The first day

Just dropped off my kids for the first day of elementary school.

My daughter is a veteran—she’s in third grade. My son’s a rookie—kindergarten.

I always have mixed emotions this time of year. On the one hand, I’m happy. Happy to see my kids progressing and maturing. Happy to have more free time (it’s been a loooooong summer). Happy for the leaves to change and the air to become crisp and the sounds of laughter to be emerging from the school playground.

But, as much as anything, I’m sad.

My kids are growing up. They’re still kids; still little. But not as little. And no matter how many times people warn you, “Pay attention—it goes so fast,” well, you can’t possibly pay enough attention to prevent the hours and days and weeks from zipping by like little comets. Soon it’ll be next week. Then next month. Then next year. My daughter is halfway to 16; a decade removed from college. How did that happen? Wasn’t I bringing her home from the hospital, like, a month ago?

Whenever I whine to my dad about the passage of time he always snaps, “Beats the alternative.” Which is true.

So, time, don’t stop.

Just take a nap for a few minutes. OK?

4 thoughts on “The first day”

  1. I have a daughter who is now in the third grade and a son in first grade and I can completely agree. For me, it’s bittersweet, but more sad. Each day, month, year means they’re less innocent and forced to deal with stuff that we (I’m 40) didn’t have to deal with this early. Profanity, bullying, etc. It’s the way the world is, but as a parent, it’s difficult to see it happening earlier and earlier. Ugh. Great post, Jeff.

  2. Jeff, I really feel your pain.

    Last week, my wife and I dropped off our daughter at college (and had to rush back because of Irene), and the emotion of the two really got to me.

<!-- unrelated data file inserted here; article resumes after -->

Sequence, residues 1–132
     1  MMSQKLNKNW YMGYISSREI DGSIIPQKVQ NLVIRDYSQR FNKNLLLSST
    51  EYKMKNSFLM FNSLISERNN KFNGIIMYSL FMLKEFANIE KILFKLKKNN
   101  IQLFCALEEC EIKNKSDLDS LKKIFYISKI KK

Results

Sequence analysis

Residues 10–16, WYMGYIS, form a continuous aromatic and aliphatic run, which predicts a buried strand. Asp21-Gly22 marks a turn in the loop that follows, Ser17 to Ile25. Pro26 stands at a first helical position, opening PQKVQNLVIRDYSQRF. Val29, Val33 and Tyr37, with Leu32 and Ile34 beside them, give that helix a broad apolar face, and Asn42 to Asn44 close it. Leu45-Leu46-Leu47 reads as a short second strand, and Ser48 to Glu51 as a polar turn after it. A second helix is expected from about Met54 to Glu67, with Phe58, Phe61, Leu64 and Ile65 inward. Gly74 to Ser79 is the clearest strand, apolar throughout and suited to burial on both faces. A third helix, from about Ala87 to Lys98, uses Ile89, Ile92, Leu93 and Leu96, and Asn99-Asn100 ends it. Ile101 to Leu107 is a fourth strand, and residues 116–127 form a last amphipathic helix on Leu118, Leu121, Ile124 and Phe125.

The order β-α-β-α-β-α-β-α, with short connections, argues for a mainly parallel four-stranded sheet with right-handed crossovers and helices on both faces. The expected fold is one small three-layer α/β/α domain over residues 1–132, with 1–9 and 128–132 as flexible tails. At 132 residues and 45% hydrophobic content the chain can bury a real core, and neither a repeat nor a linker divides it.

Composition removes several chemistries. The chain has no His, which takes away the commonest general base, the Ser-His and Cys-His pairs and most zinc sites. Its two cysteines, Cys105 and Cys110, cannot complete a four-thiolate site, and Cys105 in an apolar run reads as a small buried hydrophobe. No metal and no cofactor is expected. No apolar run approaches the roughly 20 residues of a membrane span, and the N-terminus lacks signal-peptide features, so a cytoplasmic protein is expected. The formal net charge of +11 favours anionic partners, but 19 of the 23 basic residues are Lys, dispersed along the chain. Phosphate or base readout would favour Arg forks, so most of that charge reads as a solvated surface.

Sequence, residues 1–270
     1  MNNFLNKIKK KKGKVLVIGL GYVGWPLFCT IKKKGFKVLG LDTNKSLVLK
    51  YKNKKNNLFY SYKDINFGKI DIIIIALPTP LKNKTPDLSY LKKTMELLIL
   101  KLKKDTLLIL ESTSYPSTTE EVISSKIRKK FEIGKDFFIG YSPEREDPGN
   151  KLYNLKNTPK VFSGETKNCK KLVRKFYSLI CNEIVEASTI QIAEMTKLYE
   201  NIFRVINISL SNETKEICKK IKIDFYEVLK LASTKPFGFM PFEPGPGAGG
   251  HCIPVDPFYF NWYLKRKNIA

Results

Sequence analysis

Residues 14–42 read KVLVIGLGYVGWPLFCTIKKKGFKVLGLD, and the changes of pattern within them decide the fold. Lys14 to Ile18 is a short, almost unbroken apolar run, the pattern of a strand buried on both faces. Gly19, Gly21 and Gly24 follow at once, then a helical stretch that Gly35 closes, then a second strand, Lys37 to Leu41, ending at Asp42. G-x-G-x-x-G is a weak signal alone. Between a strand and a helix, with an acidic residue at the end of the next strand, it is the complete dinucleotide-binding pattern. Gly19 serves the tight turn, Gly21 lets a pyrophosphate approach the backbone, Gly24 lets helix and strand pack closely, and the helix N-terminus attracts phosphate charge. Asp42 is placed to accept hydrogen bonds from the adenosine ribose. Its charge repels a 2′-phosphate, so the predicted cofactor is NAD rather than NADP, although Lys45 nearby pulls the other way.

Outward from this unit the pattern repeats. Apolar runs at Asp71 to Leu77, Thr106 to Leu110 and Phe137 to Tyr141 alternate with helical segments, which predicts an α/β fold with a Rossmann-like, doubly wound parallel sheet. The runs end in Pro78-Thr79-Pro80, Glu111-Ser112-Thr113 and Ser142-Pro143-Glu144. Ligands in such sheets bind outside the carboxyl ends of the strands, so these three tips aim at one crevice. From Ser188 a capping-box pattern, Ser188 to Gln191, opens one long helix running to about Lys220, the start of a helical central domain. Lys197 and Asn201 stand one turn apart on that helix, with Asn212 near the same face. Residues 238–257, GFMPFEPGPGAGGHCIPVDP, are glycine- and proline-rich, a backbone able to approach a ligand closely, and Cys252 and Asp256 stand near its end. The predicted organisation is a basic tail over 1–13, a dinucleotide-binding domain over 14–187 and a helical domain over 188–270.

As proud as I am of her, and the young woman she’s becoming, I would still give anything to have her be the little girl she used to be, hanging on everything I said and did, just one more day…

  3. Jeff,

    Just did the same thing this morning (Grade 2 + kindergarten). Amazing to see the changes of their friends just over the summer. yet sad at the same time to know they are growing up and eventually our importance to them, on a day to day basis, is dwindling at a rate so slow we’ll only notice when they leave and return only periodically. Parenting: best and sometimes, the worst, job in the world.

  4. My son started kindergarten today. I guess I’m looking at it from a different angle. Yes, he’s not the little kid he once was, and yes, I’m going to miss some of the things we did when he was younger. I miss some of them already.

    I’m looking at it this way- he’s wanted to ride a school bus for 2-3 years now. Since he was first aware, he’d always make sure everyone knew a school bus was coming if he saw one. Today, he got to ride his school bus for the first time. He’s also been wanting to go to school for about that long. We almost enrolled him in pre-school, and he was so excited to check things out when we visited. He’s been excited to meet his teacher, meet new friends, do new things, etc., and, today, he gets to do that. That whole journey of his starts today, and I cannot be more excited and proud of him.

    As I’ve thought about today, I liken it to the families of minor leaguers working hard to get to the majors, and today he got the call, he’s ‘playing in the majors’, which he’s dreamed about for the last couple years. I cannot wait to hear how he did today, and am excited to get the call from his teacher tonight to tell us from her vantage point how he did (she has committed to calling us and every other family every night this week and some next week).

    Yes, he has tough stuff coming, and a lot of work for everyone is coming up this year. All those bad things are coming, and I hope he’s affected minimally. But ultimately, this is a great time coming up, and I’d rather celebrate his progression than lament it.

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